Streptococcal pharyngitis in Adult
- Responsible for 5% to 20% of cases of pharyngitis in adults.
- Responsible for 15% to 30% of cases of pharyngitis in children.
- Most commonly occurs in children between 5 and 15 years of age.
- Pain or difficulty swallowing
- Headache – Frequently frontal in location
- Younger children – Abdominal pain, nausea, and vomiting
- Severe unilateral throat pain should raise concern for a peritonsillar or retropharyngeal abscess, especially if this symptom arises or progresses several days after onset of symptoms. Inability to swallow, or odynophagia, should raise concern for a peritonsillar or retropharyngeal abscess.
- Pharyngeal erythema
- Exudate (gray-white), tonsillar pillars or posterior pharynx; occasional palatine petechiae, erythema and edema of the uvula
- Anterior cervical lymphadenopathy (classic angle of jaw)
- Scarlet fever – Usually face sparing, punctate, erythematous, blanchable, sandpaper-like exanthem that may be accentuated in skin folds and creases (Pastia's lines) and may desquamate during convalescence; bright red tongue with inflamed papillae (strawberry tongue); erythematous pharynx and tonsils covered with exudate.
- Children less than 3 years of age – Coryza, purulent nasal discharge, excoriated nares (streptococcosis), and generalized adenopathy.
- Exposure to a person with known streptococcal pharyngitis.
- History of acute rheumatic fever or rheumatic heart disease.
- The incubation period is 24-72 hours.
- In most people, fever resolves within 3-5 days, and throat pain resolves within 1 week, even without specific treatment.
- Patients with untreated GABHS pharyngitis are infectious during the acute phase and for 1 week after.
- Late winter and early spring are peak GABHS seasons.
- Cervical lymphadenitis
- Otitis media
- Perianal dermatitis in children
- Peritonsillar/retropharyngeal abscess (quinsy) – Patient has toxic appearance, "hot potato voice," fluctuant peritonsillar mass, and asymmetric deviation of the uvula.
- Toxic shock
- Post-streptococcal glomerulonephritis – Hematuria and edema with history of a recent streptococcal infection (elevated anti-streptolysin O titer).
- Acute rheumatic fever – Major (carditis, polyarthritis, chorea, erythema marginatum, subcutaneous nodules) and minor (arthralgias, fever, elevated acute-phase reactants, prolonged PR interval).
- Pediatric autoimmune neuropsychiatric disorders associated with streptococcal infection.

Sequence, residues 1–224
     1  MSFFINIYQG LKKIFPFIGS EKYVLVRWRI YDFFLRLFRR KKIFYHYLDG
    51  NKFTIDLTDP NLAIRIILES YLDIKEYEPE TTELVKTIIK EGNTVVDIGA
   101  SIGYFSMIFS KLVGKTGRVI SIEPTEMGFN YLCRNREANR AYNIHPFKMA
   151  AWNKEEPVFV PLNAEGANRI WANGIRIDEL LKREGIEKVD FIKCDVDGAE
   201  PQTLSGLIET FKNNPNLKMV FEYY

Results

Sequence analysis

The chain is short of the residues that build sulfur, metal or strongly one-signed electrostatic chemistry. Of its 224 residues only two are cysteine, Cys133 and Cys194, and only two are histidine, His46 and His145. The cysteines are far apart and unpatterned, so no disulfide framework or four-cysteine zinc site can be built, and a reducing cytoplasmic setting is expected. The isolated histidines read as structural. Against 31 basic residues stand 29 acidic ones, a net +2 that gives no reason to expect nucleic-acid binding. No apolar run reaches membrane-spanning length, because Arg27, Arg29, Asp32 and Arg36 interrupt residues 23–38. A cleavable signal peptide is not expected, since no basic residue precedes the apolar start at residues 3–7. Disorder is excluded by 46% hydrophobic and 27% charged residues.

- Post-streptococcal autoimmune dystonia secondary to striatal necrosis.
- Post-streptococcal reactive arthritis.
- Sydenham's chorea and other autoimmune movement disorders.
J02.0 – Streptococcal pharyngitis
43878008 – Streptococcal sore throat
When assessing a patient for sore throat, the differential diagnosis should include the following:
Other bacterial pharyngitides – Less common causes are Arcanobacterium haemolyticum, Mycoplasma pneumoniae, Chlamydia pneumoniae, Neisseria gonorrhoeae, and groups C and G streptococci.
Gonococcal pharyngitis (see gonorrhea, primary infection) – Occurs in sexually active individuals; presents with fever, severe sore throat, dysuria, and a characteristic greenish exudate.
Diphtheria – Characterized by moderately sore throat, low-grade fever, and an adherent grayish membrane with surrounding inflammation of the tonsils, pharynx, and nasal passages; presumptive diagnosis if serosanguineous nasal discharge and a grayish-white pharyngeal membrane that is exudative and extends to the uvula and soft palate in association with pharyngitis, tonsillitis, and cervical lymphadenopathy.
Viral pharyngitis – Most common cause of sore throat; suggested by coryza, conjunctivitis, malaise or fatigue, hoarseness, and low-grade fever; atypical symptoms and signs are mouth breathing, vomiting, abdominal pain, and diarrhea.
Infectious mononucleosis – Epstein-Barr virus; cytomegalovirus, most common in patients 15-30 years of age; less likely if posterior cervical lymphadenopathy is absent; associated with hepatosplenomegaly; if amoxicillin or ampicillin is given, 90% of these patients will develop a classic maculopapular rash.
Kawasaki disease – Most often affects children younger than 5 years; characterized by sore throat, fever, bilateral non-purulent conjunctivitis, anterior cervical node enlargement, erythematous oral mucosa, and an inflamed pharynx with a strawberry tongue; and rash.
Gastroesophageal reflux disease – Causes pain by direct irritation of the pharyngeal tissue by stomach acid.
Postnasal drip secondary to allergic rhinitis or sinusitis – Causes chemical irritation and repeated drying that yield sore throat.
Thyroiditis – Anterior neck pain that may be mistaken for pharyngitis; typically associated with more local tenderness to palpation compared with pharyngitis.
Referred dental pain.
Immunocompromised Patient Considerations:
Candidiasis – Consider in patients who have AIDS or who are using nasal or inhaled corticosteroids.